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Feelings can be uncomfortable, both our own and other people’s. We often find them difficult to cope with because we haven’t been taught how to properly express and deal with them. Keeping feelings locked away is not healthy, it is much better to be able to express them in healthy ways, without hurting others.  

It’s very important to be able to understand the way we feel, as our feelings effect our inner sense of wellbeing and our outward behaviour, and our behaviour effects the way others interact with us which in turn effects the way we feel.  

If we can understand how we are feeling and why, then we can choose our reaction to it and change the way we deal with it to make a more positive and healthy experience. 

 You can think of our emotions as being on a giant sliding scale, on one end is the most negative emotion and on the other the most positive, then there is everything in between. Every emotion has a purpose and a place in our life and serves a function, whether we know it or not.

This ‘wheel of emotions’ can help us to identify how we are feeling when we may not have the word for it.

'I Feel' - Emotional Word Wheel

Try this exercise –

Fold a piece of A4 paper into 4.  

In the top left hand corner make a list of all the positive emotions that you can think of. 

In the bottom left hand corner make a list of all the negative emotions that you can think of.  

Now in the top right hand corner list all the things that make you feel these positive emotions. 

In the bottom right hand corner list all the things that make you feel these negative emotions. 

All these emotions are a natural part of human nature and we all feel them. Positive emotions are a lot easier to express and to understand, we rarely need to explore them and can be content to enjoy them. But negative emotions are more complicated.  

We often don’t understand or acknowledge negative emotions. They feel painful and uncomfortable so we either try to ignore them or we react to them through our behaviour. 

But if we continue to bury these feelings they only get worse. Our behaviour can spiral out of control as we try to find ways of dealing with the hurt and we can end up being misunderstood, isolated and caught in a vicious cycle of negativity.  

To really face an emotion is to try to find the root cause of it. Understanding what that emotion is and where it is coming from is a vital part of learning how to best deal with it.

A useful notion in understanding how we feel is that of primary and secondary emotions. 

Primary emotions  – What is felt first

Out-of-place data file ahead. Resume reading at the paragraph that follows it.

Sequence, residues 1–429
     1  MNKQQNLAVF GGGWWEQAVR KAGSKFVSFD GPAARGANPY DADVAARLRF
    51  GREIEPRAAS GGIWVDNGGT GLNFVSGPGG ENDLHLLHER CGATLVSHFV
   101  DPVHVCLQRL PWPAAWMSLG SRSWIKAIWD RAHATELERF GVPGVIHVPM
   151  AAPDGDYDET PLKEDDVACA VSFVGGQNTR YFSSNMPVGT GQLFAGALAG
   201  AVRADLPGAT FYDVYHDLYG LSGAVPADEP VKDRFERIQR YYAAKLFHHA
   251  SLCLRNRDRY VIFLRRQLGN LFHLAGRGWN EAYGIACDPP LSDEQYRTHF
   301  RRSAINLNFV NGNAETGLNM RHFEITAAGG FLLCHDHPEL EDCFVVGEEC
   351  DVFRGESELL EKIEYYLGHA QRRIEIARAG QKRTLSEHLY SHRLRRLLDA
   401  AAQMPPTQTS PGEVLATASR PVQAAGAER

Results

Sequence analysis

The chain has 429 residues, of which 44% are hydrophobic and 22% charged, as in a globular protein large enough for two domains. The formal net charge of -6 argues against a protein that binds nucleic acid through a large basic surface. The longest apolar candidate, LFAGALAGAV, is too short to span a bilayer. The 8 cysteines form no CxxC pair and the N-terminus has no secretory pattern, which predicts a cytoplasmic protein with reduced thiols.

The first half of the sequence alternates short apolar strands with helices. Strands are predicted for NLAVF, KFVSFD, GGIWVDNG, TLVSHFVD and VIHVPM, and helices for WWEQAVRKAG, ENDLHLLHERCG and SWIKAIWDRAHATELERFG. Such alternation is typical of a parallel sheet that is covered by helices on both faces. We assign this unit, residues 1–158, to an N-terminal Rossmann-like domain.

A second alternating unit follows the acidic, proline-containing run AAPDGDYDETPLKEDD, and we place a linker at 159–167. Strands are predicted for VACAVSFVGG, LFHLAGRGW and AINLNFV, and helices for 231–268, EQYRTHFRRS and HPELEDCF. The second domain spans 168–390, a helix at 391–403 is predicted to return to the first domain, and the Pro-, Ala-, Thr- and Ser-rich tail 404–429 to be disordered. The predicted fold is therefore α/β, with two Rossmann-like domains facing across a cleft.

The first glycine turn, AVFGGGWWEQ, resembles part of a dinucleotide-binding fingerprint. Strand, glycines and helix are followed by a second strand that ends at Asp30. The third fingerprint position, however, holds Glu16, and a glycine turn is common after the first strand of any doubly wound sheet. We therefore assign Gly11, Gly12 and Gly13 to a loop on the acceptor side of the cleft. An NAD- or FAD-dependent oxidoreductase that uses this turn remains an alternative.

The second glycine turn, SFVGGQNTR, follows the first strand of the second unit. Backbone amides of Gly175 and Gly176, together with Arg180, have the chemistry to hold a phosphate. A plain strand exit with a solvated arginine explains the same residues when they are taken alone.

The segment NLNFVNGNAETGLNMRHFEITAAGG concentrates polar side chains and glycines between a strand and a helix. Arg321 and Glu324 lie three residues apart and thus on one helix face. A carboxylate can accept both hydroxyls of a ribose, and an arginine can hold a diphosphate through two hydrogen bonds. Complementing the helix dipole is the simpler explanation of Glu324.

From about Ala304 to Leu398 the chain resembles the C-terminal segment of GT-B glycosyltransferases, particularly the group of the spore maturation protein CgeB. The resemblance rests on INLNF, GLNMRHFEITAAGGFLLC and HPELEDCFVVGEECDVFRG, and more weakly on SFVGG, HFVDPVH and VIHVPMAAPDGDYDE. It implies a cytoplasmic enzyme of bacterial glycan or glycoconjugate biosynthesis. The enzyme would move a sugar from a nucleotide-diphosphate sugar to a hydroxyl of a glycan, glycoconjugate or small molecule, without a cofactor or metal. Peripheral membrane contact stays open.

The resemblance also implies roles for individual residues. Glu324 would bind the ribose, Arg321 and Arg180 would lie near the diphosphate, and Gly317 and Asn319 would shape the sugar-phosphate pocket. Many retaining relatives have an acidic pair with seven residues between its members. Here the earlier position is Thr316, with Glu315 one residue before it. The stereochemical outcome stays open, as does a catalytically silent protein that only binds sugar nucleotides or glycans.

Primary emotions are those that we feel as a first response to a situation. For example, if we are threatened, we may feel fear. If we win a competition, we might feel happy. These emotions are fast acting, instinctive responses that we have and they can happen before we’re even conscious of them.  

Typical primary emotions include fear, anger, sadness and happiness. These emotions are some of the oldest survival mechanisms we have and can be seen throughout the animal kingdom.

Primary emotions tend to disappear as fast as they appear. They are replaced by secondary emotions which can complicate the situation, making it difficult to understand what is really going on. 

Secondary emotions – what you feel next

Secondary emotions may be caused directly by primary emotions, for example fear might easily turn into anger, preparing your body and mind for a fight. Secondary emotions might also arise from chains of thought, for example sadness might trigger a process of thinking that leads to feelings of profound worthlessness.

Secondary emotions may be straightforward feelings or the could just as likely be a mix of emotions that are hard to untangle from one another. Have you ever heard of a love/hate relationship? That’s when many different emotions are at play, often seemingly in conflict with each other but all adding to the whole.  

What we can do to understand what we are feeling is really slow down and question ourselves. We need to work out why we feel what we feel so that we can get to the source of what is causing us distress. In this way we can treat the cause and not just the symptoms. You may well be surprised by what you find out!

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